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Experimentation: The Overlooked Benefit of Microservices

There are a number of reasons to move to microservices, not the least being experimentation. Here's why.

You know that microservices can improve application performance, simplify deployment, and enhance scalability.

But here's another, easy-to-overlook benefit that microservices bring to development teams: the ability to experiment more easily with application features and functionality.

Here's how microservices enable experimentation, and why developers should consider leveraging that benefit as part of their microservices strategy.

Why Experimentation Matters in Software Development

Developers tend not to talk about experimentation very often, but the ability to experiment is crucial for building effective apps.

Related: 5 Mistakes to Avoid When Designing a Microservices Architecture

The main reason why is that it's often impossible to predict with total accuracy which features will bring the most value to applications, let alone how best to implement those features. But when developers can experiment with different approaches, they can iterate through different possibilities and approaches until they arrive at the best features, implemented in the best way.

Experimentation could involve implementing a feature, then relying on pre-deployment testing to determine whether it meets development goals. Or developers could build experimentation functionality and release it only to certain users as part of a canary release strategy. They could also push experimental code out to all users to see how well it works, while remaining ready to revert the update or modify the code further if it turns out not to achieve its intended goals.

No matter how developers choose to experiment, however, the point of the strategy is to "play around" with new features or coding strategies and iterate upon them until they are optimized. That beats trying to plan and follow the ideal process from the start, which is in many cases simply impossible because there's no way of knowing what will work best until you try out different approaches.

The Downside of Experimentation: Risk

Of course, experimentation brings with it an obvious challenge: the risk that something will break due to an experiment gone awry.

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Developers might write code that turns out to be buggy, for example. Or they may implement a new feature that consumes more resources than it should without bringing value to users.

Risk, in other words, goes hand-in-hand with experimentation. It's the price developers have to pay for the ability to iterate through different ideas and approaches.

How Microservices Enable Experimentation – and Reduce Risk

Developers can experiment with features and coding strategies under any application architecture. But experimentation is easier, and the risk of unintended consequences is lower, when developers use a microservices architecture.

There are two main reasons why.

1. Containing experiments within microservices

The first is that, with microservices, complex codebases are broken into smaller, more discrete units. It's easier to add and test experimental code in a single microservice without worrying that the experiment will break other parts of the application. With a monolithic app, there is a greater risk that experimentation will negatively impact the application as a whole.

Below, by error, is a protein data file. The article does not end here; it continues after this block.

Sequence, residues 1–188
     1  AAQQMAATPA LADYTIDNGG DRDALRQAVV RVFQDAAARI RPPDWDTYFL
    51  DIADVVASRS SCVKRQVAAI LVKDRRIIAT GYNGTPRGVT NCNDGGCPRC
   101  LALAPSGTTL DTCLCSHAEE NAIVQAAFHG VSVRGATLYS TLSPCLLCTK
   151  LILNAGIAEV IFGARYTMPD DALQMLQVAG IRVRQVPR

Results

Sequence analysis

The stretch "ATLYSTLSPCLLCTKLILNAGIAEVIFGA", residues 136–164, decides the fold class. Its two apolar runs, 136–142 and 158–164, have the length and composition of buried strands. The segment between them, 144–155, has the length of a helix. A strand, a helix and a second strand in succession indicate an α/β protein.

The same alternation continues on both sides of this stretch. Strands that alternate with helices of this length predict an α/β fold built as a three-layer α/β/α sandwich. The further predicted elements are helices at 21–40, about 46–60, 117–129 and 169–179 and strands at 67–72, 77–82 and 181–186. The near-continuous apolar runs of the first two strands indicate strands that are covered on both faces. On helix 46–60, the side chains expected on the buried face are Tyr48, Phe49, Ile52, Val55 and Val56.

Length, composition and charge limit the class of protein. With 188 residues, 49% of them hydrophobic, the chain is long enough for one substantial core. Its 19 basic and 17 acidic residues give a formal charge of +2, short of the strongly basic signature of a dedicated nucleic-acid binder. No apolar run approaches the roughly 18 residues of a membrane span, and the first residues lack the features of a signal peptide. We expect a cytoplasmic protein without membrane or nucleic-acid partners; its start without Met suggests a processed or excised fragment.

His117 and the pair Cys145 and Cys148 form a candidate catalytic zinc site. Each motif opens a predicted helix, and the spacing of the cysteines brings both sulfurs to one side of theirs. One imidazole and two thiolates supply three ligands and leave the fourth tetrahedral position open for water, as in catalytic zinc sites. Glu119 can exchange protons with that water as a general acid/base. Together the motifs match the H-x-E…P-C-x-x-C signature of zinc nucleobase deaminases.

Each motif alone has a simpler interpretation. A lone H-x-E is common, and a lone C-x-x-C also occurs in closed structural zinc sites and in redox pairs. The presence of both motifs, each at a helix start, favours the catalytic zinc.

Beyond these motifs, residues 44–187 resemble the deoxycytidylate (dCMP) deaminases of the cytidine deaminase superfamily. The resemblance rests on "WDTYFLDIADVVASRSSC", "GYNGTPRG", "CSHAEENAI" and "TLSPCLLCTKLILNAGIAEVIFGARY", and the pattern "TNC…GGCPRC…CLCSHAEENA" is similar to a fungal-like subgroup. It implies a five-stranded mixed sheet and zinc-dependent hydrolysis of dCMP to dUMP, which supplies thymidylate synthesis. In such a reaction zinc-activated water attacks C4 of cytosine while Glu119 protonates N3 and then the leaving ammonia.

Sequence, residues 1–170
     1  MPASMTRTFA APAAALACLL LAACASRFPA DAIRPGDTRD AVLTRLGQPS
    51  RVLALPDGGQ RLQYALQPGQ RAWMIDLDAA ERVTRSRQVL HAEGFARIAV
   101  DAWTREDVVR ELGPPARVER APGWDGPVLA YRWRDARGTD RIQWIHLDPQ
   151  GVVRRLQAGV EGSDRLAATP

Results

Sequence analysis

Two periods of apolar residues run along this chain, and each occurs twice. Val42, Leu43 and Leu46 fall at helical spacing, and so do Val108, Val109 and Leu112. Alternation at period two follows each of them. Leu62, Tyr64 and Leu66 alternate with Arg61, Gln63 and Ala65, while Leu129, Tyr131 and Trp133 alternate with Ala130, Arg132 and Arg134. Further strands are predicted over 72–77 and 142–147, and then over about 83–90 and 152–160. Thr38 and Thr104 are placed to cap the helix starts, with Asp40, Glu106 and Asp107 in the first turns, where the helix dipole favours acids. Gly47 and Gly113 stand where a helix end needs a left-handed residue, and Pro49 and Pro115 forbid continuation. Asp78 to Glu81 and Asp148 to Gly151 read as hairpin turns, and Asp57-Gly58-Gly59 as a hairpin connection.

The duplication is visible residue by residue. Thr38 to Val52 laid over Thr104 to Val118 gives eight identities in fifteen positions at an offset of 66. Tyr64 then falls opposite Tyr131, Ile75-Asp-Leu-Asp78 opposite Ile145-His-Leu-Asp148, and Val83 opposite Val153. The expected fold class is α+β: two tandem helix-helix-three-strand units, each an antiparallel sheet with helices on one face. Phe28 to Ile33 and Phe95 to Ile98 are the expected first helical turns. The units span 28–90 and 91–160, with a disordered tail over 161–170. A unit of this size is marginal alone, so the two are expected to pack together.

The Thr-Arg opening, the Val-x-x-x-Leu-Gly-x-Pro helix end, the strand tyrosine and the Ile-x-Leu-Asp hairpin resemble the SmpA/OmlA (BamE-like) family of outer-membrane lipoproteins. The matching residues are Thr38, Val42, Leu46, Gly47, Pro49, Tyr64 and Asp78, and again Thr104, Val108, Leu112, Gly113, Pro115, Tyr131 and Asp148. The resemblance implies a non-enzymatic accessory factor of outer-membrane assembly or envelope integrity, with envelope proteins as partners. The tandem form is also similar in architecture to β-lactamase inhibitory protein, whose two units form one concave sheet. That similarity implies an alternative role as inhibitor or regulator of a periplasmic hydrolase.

Put another way, microservices make it possible to experiment with code on a microservice-by-microservice basis instead of running an experiment that could impact the entire application. That makes experimental code easier to implement and deploy while also lowering risk.

2. Fixing bad experiments quickly

The second way that microservices drive experimentation is by making it easy to revert or fix unexpected problems that could result from experimentation. Because it's almost always faster to deploy or redeploy a single microservice than to deploy an entire monolithic application, a bad experiment inside a microservice can be corrected more quickly.

This means that the risk of causing serious problems due to experimentation is lower with microservices, even if the level of experimentation is the same.

Taking Advantage of Experimentation Through Microservices

Not all applications stand to benefit equally from experimentation. Applications that are highly mature and don't require new features are not great candidates for rapid experimentation. Neither are apps created for use cases where there is a very low tolerance for risk. Relying on experimentation to enhance a mission-critical application is not the best approach.

But for apps where a reasonable amount of risk is acceptable, experimentation is a great way of optimizing the application's feature set and codebase. And it's easier to experiment under a microservices architecture β€” which is yet another reason to move to microservices if you haven't already.

About the author

Christopher Tozzi headshotChristopher Tozzi is a technology analyst with subject matter expertise in cloud computing, application development, open source software, virtualization, containers and more. He also lectures at a major university in the Albany, New York, area. His book, β€œFor Fun and Profit: A History of the Free and Open Source Software Revolution,” was published by MIT Press.
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